“Everything was affected. The primary lift station where the three outfall lines from town came in was totally redone because what we had … was a constant hassle,” Janacek said. “Probably one of the most celebrated days that we had on this project was when they imploded that lift station and turned the new one on.”

Two newer grit removal systems replaced out-dated ones, which Janacek said alleviated shortcomings with the old equipment. The systems also took up less real estate, freeing up space for dry storage.

Additionally, the facility’s three primary clarifiers were overhauled in stages, so as to maintain uninterrupted service and disturb the treatment process as little as possible. 

“We’ve still got sewage coming in. We’ve still got sewage going out,” Janacek said, adding he was amazed at the work put in to ensure steady service. He and project engineers also had to convince state officials that moving bed biofilm reactors (MBBR) would suffice for treatment while meeting standards.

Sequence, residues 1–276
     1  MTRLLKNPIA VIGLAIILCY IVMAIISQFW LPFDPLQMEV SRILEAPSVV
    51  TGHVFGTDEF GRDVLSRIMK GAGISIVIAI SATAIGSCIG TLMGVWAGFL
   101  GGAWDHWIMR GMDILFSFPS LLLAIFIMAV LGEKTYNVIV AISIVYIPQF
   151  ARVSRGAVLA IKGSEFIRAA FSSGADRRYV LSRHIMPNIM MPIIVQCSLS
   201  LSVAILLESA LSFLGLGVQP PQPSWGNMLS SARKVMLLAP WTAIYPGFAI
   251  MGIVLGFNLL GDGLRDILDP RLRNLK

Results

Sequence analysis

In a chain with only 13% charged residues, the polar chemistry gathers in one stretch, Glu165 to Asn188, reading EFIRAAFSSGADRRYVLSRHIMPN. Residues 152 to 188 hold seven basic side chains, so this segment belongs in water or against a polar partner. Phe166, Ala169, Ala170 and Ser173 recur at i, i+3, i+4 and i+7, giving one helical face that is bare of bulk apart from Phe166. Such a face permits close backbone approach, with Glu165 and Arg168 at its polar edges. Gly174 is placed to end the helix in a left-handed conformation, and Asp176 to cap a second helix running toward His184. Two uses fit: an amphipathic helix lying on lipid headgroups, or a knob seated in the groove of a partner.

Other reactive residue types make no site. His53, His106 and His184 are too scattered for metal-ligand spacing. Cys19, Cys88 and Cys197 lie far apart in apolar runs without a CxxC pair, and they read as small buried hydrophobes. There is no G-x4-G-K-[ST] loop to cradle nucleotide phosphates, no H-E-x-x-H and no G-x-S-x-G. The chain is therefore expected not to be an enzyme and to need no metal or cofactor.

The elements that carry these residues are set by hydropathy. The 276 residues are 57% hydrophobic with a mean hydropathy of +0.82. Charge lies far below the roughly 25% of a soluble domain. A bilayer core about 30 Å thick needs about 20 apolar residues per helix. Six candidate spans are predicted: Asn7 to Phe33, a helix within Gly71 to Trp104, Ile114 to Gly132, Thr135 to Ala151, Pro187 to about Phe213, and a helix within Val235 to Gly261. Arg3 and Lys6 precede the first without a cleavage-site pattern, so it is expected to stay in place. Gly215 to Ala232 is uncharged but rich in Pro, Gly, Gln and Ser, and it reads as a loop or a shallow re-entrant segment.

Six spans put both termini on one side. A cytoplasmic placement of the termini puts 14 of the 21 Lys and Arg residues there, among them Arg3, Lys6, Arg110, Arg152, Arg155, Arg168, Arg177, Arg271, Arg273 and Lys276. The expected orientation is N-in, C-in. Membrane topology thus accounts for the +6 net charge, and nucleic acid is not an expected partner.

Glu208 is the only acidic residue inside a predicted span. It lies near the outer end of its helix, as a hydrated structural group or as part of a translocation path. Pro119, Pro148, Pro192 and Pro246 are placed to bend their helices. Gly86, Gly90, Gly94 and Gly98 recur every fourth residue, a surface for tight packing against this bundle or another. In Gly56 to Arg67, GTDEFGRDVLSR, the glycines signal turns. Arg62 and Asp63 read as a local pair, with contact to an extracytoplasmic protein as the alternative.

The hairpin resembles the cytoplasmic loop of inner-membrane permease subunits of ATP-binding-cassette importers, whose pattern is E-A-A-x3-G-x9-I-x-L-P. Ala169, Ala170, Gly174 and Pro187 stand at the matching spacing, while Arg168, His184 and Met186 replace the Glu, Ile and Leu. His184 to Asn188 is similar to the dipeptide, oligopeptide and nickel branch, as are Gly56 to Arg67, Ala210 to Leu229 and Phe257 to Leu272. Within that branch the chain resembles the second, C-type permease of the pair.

Following what Janacek called a “natural progression,” MBBRs replaced the RBC equipment. Janacek said the shift was a major project and the RBC equipment no longer in use was paved for use as a parking lot.

Two final clarifiers were overhauled, dechlorination was phased out and the inground 600,000-gal digester system was gutted. As with other sections of the plant, antiquated digester equipment was replaced with newer technology. Midwest City also received one of the first land application permits in Oklahoma, which it used to implement a sludge thickener.